During the process of designing my studio, I knew I wanted to have some things that are truly unique, and fit my brand. I can usually envision what I want, get ideas and inspiration, and then create exactly what I envisioned! I get these ideas that just won’t stop pestering me until I try them... and sometimes they work out OK, and sometimes it’s a massive fail. This time it wasn’t so bad! And it was pretty easy!
Here’s how I did it!
1. I went to this cool camera shop, right off the Denton square. They have tons of camera gear, vintage cameras, backdrops, stands, lights, etc. It’s such a cool shop, and I’ve been visiting this place for over 5 years. I picked up two old cameras that had some unique features. Total, I spent about 45 dollars on the pair.
2. I stopped by my favorite coffee shop. Then I came home and unpacked the cameras and left them on my office shelf for over a month! HAHA
3. After some chaos finally died down and I had time for my little project, I pulled them out and cleaned off some dust. I used some paint that I already had on hand, but E
1. I went to to a cool local camera shop (Denton Camera Exchange) and picked up some vintage looking cameras. The set I bought was about $45 total. I priced them on eBay, and they are much more expensive. I love the look of the original cameras.... but I just had to play around with them!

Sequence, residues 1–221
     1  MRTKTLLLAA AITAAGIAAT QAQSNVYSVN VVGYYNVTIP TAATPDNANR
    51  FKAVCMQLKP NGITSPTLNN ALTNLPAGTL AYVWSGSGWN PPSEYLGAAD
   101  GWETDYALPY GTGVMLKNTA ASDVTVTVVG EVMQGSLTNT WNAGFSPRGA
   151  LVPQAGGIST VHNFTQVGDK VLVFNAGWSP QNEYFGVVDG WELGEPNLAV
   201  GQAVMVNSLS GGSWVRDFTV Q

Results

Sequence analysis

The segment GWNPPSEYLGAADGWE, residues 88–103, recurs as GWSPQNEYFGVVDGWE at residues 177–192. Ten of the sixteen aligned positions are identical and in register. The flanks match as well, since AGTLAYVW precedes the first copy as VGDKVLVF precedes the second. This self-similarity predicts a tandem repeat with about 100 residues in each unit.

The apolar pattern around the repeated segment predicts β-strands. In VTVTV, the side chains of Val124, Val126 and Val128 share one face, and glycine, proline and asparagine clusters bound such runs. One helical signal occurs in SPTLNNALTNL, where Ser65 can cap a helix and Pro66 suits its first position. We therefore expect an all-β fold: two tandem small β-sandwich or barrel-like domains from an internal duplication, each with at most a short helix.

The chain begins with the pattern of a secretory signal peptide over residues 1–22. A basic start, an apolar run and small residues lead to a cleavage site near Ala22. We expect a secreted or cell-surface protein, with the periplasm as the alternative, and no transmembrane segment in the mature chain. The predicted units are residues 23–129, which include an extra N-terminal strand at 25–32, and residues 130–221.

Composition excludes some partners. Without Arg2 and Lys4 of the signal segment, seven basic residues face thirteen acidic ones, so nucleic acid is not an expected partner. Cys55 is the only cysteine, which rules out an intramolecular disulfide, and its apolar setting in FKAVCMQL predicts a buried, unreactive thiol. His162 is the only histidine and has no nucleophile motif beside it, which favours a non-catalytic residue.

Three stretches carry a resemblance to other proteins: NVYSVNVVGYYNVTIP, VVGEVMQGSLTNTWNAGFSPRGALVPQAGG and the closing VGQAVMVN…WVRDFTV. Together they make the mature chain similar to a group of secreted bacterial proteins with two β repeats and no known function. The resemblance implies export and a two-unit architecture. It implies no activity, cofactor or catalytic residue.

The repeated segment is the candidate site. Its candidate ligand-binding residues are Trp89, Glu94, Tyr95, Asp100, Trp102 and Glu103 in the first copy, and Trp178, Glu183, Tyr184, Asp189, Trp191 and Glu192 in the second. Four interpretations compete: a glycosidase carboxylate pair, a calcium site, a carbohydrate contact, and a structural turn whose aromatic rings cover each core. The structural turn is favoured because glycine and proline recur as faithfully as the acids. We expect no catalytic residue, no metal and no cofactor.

2. Pick your colors! I love matte black and gold, but any matte colored paint (ideally chalk paint) will work nicely. I also considered spray painting them matte white! Spray painting will save you a lot of time, but you won’t get the two-toned look that I have.
3. Paint away! I was surprised how long this took, but it was highly detailed. I painted all of the plastic parts matte black, and all of the metal parts gold. I used tiny brushes for the details. It will take two coats of paint.
4. Admire your cool finished product!! These are on display at the studio!! I love them!
If I were to do this again, I would spray paint them completely matte black, and then go over the gold with a fine paintbrush. The detail took a long time. Time is not typically something I can spare, but during this project, we were quarantined during the pandemic outbreak. See you on the flip side of quarantine!